TIC Real Estate Arbitration in Lightfoot vs. Pacific West
If there is a specific real estate arbitration type that keeps FINRA busy and brokerages cringing, Tenants-In-Common, or TIC investments have a stronger claim than most. Claims of this type are becoming increasingly common in the aftermath of the Great Recession. It has also become common that investment firms have had to pay hefty arbitration awards because they fell short of “due diligence.”
Details About the Lightfoot Legal Arbitration
In FINRA Arbitration 11-00230, March 6, 2012, or “In the Matter of the FINRA Arbitration Between Joseph F. Lightfoot, et al, Claimants, vs. Pacific West Financial Group, et al, Respondents,” the Lightfoots were awarded $2 million in damages. Their central claim was that the TIC investments that the Respondents sold them were unsuitable for a variety of reasons, including the clients' age, risk tolerance, financial situation and cash flow needs. Along with this, they included claims of negligence, breach of fiduciary duty and failure to supervise. The Respondents denied the allegations and requested the record be expunged from the Central Registration Depository.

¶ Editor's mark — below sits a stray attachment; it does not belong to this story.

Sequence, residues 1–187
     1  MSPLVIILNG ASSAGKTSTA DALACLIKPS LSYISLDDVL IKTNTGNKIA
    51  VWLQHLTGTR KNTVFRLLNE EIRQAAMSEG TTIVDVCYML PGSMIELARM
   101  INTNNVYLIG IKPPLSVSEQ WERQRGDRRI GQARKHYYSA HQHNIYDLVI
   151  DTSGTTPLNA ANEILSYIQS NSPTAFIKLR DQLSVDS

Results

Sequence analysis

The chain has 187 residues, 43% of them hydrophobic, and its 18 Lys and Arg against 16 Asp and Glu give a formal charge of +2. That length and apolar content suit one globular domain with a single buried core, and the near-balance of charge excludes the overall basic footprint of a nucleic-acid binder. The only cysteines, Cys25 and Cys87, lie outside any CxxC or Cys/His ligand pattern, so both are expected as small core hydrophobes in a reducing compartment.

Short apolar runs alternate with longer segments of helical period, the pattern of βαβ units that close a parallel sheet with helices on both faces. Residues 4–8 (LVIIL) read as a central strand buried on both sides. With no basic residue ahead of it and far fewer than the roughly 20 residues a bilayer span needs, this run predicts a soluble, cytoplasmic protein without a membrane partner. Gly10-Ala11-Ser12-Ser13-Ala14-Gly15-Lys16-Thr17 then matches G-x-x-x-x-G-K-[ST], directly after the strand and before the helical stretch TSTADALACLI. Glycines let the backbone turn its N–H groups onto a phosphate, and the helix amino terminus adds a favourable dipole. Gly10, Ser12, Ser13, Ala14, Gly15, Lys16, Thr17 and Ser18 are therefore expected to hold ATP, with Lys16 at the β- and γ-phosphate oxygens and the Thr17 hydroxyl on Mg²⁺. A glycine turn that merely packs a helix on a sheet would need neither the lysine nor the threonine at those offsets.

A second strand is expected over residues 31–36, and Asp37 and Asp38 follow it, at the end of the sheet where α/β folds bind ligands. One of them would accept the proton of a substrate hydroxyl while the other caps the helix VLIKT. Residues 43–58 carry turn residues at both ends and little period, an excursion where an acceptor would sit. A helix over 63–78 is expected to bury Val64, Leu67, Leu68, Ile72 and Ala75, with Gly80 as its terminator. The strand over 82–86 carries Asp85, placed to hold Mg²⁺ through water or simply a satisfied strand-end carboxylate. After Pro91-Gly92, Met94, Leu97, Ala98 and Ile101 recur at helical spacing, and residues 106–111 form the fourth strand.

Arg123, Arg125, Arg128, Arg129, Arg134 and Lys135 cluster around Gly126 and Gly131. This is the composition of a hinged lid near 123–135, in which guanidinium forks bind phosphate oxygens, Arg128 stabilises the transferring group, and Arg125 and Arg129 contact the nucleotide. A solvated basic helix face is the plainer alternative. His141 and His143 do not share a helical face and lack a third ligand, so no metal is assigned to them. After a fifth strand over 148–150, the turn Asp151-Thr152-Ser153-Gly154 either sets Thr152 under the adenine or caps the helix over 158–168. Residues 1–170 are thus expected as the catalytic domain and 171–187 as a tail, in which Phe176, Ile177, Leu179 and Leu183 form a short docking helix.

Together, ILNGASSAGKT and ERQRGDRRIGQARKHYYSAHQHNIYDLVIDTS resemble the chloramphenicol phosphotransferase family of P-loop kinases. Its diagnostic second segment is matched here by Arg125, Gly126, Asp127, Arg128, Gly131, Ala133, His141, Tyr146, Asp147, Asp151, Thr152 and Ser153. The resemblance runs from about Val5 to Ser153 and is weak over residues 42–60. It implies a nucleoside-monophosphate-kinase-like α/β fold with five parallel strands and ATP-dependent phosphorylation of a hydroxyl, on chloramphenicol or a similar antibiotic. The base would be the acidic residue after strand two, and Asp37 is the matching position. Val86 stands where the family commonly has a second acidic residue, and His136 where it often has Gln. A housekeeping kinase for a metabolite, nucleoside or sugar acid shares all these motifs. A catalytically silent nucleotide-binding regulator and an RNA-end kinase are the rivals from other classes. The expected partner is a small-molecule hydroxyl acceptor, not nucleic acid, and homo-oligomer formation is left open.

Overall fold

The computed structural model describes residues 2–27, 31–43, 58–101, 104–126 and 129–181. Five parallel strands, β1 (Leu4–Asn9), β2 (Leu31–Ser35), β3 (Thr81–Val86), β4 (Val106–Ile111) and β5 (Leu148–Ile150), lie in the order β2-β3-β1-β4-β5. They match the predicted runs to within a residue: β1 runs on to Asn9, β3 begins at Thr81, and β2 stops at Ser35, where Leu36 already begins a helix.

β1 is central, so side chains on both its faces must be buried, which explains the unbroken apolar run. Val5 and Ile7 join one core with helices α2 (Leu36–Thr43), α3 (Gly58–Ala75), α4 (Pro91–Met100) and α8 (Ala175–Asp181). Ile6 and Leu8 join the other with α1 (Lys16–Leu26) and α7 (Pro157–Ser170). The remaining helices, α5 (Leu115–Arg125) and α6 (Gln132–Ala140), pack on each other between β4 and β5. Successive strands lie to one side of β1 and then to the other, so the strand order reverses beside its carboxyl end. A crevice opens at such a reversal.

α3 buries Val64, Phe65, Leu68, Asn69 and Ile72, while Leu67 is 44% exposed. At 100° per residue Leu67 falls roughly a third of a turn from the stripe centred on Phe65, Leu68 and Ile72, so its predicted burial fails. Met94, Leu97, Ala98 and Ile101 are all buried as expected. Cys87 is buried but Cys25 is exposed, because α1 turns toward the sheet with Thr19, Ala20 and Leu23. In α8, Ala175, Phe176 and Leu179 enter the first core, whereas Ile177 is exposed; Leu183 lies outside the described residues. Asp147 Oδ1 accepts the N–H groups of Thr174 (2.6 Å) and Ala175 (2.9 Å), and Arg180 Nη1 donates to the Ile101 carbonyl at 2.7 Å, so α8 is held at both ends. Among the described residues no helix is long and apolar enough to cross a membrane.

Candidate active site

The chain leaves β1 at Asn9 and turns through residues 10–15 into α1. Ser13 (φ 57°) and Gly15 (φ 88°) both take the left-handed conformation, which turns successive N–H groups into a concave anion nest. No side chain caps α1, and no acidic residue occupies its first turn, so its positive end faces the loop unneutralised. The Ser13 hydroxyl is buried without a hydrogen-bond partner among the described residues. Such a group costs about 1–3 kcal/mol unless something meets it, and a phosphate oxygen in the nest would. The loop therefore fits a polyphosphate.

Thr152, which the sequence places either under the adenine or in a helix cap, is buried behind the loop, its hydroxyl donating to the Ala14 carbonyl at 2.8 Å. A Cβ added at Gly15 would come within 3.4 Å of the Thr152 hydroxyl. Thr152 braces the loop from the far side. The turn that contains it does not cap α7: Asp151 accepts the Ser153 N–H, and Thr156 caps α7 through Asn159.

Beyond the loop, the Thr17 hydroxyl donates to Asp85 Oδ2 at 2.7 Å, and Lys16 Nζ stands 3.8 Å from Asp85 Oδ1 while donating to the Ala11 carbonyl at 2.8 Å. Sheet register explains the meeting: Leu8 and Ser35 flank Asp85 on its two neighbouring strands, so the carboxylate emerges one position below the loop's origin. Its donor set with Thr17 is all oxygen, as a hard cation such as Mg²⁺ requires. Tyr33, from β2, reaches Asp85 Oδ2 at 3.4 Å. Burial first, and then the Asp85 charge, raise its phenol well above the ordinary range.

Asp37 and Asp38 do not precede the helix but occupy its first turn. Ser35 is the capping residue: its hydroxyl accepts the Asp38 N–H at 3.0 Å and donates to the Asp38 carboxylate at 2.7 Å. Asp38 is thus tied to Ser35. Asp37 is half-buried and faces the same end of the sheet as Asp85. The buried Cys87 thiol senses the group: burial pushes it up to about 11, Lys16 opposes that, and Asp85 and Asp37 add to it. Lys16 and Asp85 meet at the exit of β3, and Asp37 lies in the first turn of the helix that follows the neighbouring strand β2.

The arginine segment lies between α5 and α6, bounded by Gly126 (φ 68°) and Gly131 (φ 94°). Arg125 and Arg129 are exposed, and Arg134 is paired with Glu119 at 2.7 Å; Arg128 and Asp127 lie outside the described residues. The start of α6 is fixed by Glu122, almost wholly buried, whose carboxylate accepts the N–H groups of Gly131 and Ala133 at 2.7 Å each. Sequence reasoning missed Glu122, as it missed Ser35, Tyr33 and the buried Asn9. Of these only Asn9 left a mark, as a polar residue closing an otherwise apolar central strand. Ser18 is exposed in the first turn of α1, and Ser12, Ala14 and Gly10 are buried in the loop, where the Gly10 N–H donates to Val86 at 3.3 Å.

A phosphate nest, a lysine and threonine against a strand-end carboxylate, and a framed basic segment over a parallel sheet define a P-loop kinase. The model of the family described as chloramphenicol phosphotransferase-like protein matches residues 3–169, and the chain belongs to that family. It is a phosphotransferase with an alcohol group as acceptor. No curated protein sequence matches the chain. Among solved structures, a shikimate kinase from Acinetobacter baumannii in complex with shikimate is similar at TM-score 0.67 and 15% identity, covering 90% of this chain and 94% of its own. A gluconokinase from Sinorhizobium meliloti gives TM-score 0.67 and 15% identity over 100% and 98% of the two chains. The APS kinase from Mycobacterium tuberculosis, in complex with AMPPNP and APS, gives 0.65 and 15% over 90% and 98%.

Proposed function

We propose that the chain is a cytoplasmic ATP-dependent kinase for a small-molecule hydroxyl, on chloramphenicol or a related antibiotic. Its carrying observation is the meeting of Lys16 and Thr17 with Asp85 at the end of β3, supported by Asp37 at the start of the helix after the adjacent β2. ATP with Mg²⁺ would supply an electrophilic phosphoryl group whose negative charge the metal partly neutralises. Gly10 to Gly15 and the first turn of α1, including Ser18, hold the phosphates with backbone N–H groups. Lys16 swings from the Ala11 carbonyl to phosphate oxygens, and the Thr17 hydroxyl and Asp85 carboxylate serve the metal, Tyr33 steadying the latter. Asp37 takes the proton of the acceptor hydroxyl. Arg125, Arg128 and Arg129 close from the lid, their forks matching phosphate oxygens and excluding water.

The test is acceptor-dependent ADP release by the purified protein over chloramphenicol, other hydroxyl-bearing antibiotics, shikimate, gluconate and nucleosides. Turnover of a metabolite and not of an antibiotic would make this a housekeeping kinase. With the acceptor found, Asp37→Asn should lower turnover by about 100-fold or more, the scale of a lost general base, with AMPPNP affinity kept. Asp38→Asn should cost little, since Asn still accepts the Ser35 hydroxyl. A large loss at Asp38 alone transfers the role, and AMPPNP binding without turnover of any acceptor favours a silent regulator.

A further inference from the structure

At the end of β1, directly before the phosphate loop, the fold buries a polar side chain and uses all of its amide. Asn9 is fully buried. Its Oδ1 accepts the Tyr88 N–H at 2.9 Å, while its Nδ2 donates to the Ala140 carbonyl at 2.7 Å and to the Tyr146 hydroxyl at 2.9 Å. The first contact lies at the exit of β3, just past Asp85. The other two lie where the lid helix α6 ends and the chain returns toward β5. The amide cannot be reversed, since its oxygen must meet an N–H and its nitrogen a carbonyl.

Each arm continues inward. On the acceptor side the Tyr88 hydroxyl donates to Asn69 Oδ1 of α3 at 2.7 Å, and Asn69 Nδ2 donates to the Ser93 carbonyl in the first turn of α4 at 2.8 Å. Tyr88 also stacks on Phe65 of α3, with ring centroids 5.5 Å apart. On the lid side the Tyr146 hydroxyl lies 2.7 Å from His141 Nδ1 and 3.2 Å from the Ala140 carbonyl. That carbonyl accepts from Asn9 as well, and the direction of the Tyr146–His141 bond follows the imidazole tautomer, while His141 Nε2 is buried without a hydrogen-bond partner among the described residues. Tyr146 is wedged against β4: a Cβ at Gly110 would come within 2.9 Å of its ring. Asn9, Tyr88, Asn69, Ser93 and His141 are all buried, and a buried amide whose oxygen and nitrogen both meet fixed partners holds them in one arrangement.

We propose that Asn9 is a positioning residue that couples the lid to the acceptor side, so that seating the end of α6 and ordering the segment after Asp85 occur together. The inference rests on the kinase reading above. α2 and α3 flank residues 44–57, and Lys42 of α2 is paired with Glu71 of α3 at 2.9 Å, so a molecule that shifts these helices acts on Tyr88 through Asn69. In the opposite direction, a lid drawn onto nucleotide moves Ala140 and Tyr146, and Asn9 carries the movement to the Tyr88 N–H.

Essentially, the FINRA panel agreed that these investments were unsuitable for the Claimants, and further concluded that these investments were in direct violation of the Securities Act of Washington. Several factors played into this along with the original claim. The timing of the sale, omitting of certain data and other acts were included.
Significant Points in This Civil Arbitration
Like many other TIC cases, this case is an example of how a formerly “hot” investment strategy went wrong. By buying into a concurrent estate, all investors need to be notified of what other investors are doing with their shares. This, along with due diligence in arranging the sale are the duties of the brokerage firms. These two points are all too often where brokerages fall short. Big firms such as JP Morgan, Citi and Bank of America have been prominent in the news for being brought to task for their mistakes. This real estate arbitration, on the other hand, shows that smaller firms are in no wise immune to complaints.